I don’t think we think of ourselves as invisible. We know that people basically see us—although I wonder from time to time when a discourteous driver jumps into what I consider my driving space. Otherwise, I basically get the sense that people see me and hear me. But who sees me? Now that is a different question altogether.
This question was formed while I was viewing the visually spectacular movie Avatar. The spiritual leaders of the clan could see that the intruder to their group had a good heart. When they spoke of seeing him, they meant that they could see beyond his bodily form. They saw that he was someone they could trust to welcome among their village.
It made me think that God longs for me to see other people the way the Avatar’s saw each other, the way He sees me. God sees me in a way beyond just what I happen to be wearing. He isn’t even just seeing the behaviors—good or bad—in which I am participating (secret or public). He sees my heart, and He invites me to live in my relationships the way He does and see the true hearts of others. In Genesis 16:13, Hagar calls God “the God Who Sees.” She gave this name to the Lord who spoke to her:
“You are the God who sees me, for she said, I have now seen the One who sees me.”
God saw Hagar in her distress when she was so hopeless she planned to die because things were going so bad for her and her young son, Ishmael. She discovered in the midst of her despair who God really was. She had heard about God from Abraham and Sarah. She had seen the impact the idea of God had on Abraham and Sarah. Now, she saw that the God of Abraham and Sarah is the “God Who Sees.”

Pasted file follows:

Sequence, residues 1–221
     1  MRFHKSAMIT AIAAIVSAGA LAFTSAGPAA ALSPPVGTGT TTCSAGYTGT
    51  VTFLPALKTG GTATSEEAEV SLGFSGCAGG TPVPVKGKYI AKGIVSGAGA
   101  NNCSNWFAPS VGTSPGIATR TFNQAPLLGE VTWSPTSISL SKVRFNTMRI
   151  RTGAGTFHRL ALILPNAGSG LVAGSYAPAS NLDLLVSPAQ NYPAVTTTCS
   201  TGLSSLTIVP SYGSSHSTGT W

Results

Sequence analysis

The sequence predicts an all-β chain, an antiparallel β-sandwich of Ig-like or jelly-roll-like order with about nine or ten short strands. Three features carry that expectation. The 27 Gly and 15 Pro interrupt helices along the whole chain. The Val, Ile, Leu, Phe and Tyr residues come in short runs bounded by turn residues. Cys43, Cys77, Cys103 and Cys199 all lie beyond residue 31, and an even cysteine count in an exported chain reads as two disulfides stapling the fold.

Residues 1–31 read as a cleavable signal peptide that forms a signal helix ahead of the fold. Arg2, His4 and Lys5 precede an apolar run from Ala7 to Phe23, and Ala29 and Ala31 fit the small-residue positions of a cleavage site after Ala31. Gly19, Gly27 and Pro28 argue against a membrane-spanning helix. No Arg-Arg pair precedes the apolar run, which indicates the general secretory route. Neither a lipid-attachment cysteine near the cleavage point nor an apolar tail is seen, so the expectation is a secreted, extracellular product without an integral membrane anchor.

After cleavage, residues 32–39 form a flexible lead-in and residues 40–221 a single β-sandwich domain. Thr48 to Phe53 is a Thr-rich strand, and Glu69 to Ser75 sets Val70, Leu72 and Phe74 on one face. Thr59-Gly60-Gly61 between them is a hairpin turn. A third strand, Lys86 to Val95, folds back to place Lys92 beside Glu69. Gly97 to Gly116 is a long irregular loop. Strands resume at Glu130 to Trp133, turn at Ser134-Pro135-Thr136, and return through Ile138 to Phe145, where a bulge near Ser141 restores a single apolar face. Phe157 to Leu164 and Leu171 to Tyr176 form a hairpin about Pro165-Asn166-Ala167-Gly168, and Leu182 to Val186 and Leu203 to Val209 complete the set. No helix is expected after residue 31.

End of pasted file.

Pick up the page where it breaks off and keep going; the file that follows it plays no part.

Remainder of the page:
I love that name for God. He is the God Who Sees. He saw the despair of the Israelites when they were slaves in Egypt (Exodus 2:25). He sees you. He sees you for more than what you are wearing or what you are doing. He sees the potential He put in you. He sees if you are moving toward that potential or turning away from it.
I’m ever amazed at how we try to hide from God. It was the instinctive reaction of Adam and Eve after they sinned to try to hide behind some bushes so that God would not see them. The prophet Jonah tried to hide in the opposite city from where God told him to go. We cannot hide from God. He will always see us both physically and inwardly.
It is only in being seen by God that we come to truly see ourselves for who we are. This happened in the movie. The spiritual women saw the visiting Avatar as good and let him in their trust. In fact, his intentions for being with them were not good. He was infiltrating their home so that he could give intelligence to his people and use it to harm the Avatars. The women didn’t see that part of him. They were blinded to that side of him and saw into his true soul. And in the end they were right. He did have a good heart and was there to help them.
That’s true of how God sees you. Unlike the spiritual women, He sees it all—the good, bad and ugly. He sees the thoughts and intentions of your heart. He also sees that there is more to you than that. If you will let Him show you His image inside of you and His purposes for your life, you too can see your goodness—the goodness He sees. I want to see others for the good they have inside too, starting with myself.